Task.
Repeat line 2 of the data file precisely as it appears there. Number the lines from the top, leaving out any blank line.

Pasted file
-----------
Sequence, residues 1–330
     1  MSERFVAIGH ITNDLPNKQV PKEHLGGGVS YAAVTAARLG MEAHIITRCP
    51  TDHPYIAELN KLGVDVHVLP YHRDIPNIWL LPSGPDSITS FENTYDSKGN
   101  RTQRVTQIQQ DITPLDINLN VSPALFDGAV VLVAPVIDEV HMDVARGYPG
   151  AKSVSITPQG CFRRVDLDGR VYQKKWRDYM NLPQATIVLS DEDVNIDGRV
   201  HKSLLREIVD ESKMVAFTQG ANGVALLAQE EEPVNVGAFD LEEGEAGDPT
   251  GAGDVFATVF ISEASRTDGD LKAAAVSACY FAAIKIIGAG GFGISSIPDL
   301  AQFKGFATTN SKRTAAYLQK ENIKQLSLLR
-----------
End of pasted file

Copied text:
     1  MSERFVAIGH ITNDLPNKQV PKEHLGGGVS YAAVTAARLG MEAHIITRCP